In honor of my birthday today, I decided to share Declan’s birth story. I contemplated whether or not to write about it – wondering if it’s too personal? Too much information? Who really cares? He’s here, he’s healthy, the details shouldn’t matter much at this point, right? Well, I had a pretty frustrating and tough labor experience and it was definitely not what I had planned for. I don’t think I could have done anything differently to make it any smoother or quicker or easier. It’s definitely the most trying and difficult experience of my life. Not to mention excruciating and emotional and exhausting. So, more for my sake than anyone else’s, here it is if you’re interested in reading the full thing. If not, just skip to the bottom to see the photo and leave a comment to tell me what a cute baby Mumbles and I made. Thanks!
My attitude about my entire birth plan was very “we’ll see how it goes.” Natural or medicated? I decided to go all natural for as long as I could but I definitely wasn’t opposed to medications and drugs if I felt I needed them to cope. Position? I planned to try all the ones I knew I liked to see what worked best. In the birthing classes, I most enjoyed the “birthing ball” so we brought an exercise ball from home for me to sit on, lean on and hang over.
Mumbles’s aunt used to be a midwife and she flew down from Washington a few weeks before Declan’s due date to help us with the labor experience. We all thought he might come a bit early so you can imagine our surprise when his due date came and went with contractions on and off but nothing serious to report. I’d been at 2 cm dilated for about two weeks when nine days after his due date we were scheduled at the hospital for a non-stress test. Full well thinking we’d have the test and Mumbles would kiss me goodbye and head off to work and I’d go pick up our custom order of grout at Lowe’s (who decides to buy a new house and completely renovate it while expecting a baby? we did.), Mumbles and I dressed for the day and drove separate cars to the hospital, leaving my hospital and baby bag at home. Oops. Declan and I failed that test, boy did we ever. According to the nurse (my first of many), my placenta was getting old (for some reason I was offended to hear this) and there was not enough amniotic fluid to provide nutrients for the little guy if he decided to stay inside any longer. Apparently failing that one aspect of the test alone was reason enough to admit me right away, but Declan’s heart rate was also dropping sporadically after contractions, and that, too, was serious cause for concern. The non-stress test began at 8:10 a.m. and by 10:30 I was in a labor and delivery room talking with a doctor about our options for induction.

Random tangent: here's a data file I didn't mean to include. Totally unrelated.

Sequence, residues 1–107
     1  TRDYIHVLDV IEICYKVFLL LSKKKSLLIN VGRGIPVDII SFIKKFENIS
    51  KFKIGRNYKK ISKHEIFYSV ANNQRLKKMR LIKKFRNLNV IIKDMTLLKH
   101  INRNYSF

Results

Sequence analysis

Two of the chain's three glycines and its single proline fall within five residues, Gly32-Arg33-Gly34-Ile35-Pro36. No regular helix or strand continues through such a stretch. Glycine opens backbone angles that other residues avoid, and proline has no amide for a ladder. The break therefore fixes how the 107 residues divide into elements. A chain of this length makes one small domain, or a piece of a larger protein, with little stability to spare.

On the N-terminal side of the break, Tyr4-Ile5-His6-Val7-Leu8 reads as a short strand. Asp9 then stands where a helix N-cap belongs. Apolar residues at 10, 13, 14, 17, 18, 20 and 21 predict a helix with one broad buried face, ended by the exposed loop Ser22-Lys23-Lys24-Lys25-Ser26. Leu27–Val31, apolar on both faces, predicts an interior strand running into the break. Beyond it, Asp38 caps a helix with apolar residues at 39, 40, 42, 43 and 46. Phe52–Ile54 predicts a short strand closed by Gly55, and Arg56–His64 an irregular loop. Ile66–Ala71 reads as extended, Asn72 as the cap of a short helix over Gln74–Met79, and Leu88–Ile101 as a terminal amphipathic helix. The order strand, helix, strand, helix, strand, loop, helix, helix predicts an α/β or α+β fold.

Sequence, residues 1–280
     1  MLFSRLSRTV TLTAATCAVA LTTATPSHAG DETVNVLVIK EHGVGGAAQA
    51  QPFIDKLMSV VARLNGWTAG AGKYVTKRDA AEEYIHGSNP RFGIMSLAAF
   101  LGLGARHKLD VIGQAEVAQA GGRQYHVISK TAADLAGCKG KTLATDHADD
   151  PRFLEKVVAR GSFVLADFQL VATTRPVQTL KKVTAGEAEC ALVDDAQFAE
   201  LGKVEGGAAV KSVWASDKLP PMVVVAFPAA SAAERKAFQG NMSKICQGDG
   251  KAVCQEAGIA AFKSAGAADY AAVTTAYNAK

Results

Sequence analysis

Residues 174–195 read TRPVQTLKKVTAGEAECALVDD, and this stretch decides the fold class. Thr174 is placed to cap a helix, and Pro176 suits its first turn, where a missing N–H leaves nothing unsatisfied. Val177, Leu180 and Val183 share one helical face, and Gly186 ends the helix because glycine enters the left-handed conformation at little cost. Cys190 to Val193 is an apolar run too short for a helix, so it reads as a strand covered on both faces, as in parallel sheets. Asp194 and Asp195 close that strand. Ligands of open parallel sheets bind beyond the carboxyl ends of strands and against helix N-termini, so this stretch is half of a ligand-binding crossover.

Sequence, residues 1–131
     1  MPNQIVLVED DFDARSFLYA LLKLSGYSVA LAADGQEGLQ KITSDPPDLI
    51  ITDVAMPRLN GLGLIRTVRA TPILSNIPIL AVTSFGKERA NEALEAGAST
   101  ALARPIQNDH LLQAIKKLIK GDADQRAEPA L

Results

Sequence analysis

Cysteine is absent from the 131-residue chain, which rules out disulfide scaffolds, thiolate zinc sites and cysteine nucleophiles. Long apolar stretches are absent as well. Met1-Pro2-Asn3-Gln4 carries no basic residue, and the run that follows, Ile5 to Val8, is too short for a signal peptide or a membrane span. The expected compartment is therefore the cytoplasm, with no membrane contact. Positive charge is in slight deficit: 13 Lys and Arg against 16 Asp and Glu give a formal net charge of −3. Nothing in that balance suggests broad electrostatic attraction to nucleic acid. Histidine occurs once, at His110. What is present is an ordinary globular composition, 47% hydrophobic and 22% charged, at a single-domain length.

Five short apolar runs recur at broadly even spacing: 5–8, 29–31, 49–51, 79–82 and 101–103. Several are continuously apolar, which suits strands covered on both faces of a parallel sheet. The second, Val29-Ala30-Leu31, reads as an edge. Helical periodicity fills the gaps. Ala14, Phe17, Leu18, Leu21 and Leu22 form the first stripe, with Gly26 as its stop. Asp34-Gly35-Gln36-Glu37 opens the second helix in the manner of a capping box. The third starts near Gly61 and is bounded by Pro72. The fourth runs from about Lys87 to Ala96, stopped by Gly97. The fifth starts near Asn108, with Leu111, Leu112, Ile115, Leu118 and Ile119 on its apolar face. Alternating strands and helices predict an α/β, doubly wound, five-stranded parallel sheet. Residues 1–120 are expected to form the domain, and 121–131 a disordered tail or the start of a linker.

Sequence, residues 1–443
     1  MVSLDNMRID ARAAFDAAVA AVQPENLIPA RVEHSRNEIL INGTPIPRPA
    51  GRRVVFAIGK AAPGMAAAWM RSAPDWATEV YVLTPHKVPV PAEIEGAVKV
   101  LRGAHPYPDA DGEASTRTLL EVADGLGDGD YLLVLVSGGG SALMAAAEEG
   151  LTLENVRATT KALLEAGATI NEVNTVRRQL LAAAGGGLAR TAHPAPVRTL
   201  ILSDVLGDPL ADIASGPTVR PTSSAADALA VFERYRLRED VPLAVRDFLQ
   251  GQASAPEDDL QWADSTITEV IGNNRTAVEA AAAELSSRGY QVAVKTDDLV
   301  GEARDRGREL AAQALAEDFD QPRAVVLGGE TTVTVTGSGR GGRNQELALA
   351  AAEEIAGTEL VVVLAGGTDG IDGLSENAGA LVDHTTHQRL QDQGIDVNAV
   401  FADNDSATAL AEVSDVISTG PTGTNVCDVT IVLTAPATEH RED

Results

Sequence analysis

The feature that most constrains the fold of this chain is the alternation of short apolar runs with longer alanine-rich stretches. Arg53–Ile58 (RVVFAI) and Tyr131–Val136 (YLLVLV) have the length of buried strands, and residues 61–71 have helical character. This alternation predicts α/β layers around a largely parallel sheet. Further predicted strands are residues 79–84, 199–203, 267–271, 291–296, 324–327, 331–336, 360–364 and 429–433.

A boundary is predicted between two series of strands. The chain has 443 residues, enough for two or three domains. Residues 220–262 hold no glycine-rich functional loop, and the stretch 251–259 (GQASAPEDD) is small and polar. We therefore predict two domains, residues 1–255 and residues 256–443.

During our birthing classes we had learned about different types of induction and interventions but having expected my labor to start naturally, we hadn’t put much thought into what we’d prefer. We decided to start with a balloon induction, which I’d never heard of but sounded like a more mild start to labor than pitocin. Who doesn’t love balloons, right? Well, this one comes with a small catheter. The balloon is on the end of the catheter and after the catheter is inserted, the balloon inflated at the opening of the cervix to coax it to open up to 4-5 cm, at which point it would simply fall out and hopefully encourage contractions for further opening of the cervix. By the afternoon the balloon had done its job but I wasn’t making any more progress despite contractions growing in intensity…so they started the pitocin. Declan’s heart rate was still not handling contractions well, which escalated any time the dose of pitocin was increased so instead of gradually increasing my dosage to encourage stronger contractions, the nurses had to decrease it to keep us both safe. I’m not sure how long they all stayed, but my brother, dad, sister, niece, sisters-in-law and their other halves all made waiting room appearances and took turns escorting me during my walking laps around the labor and delivery ward.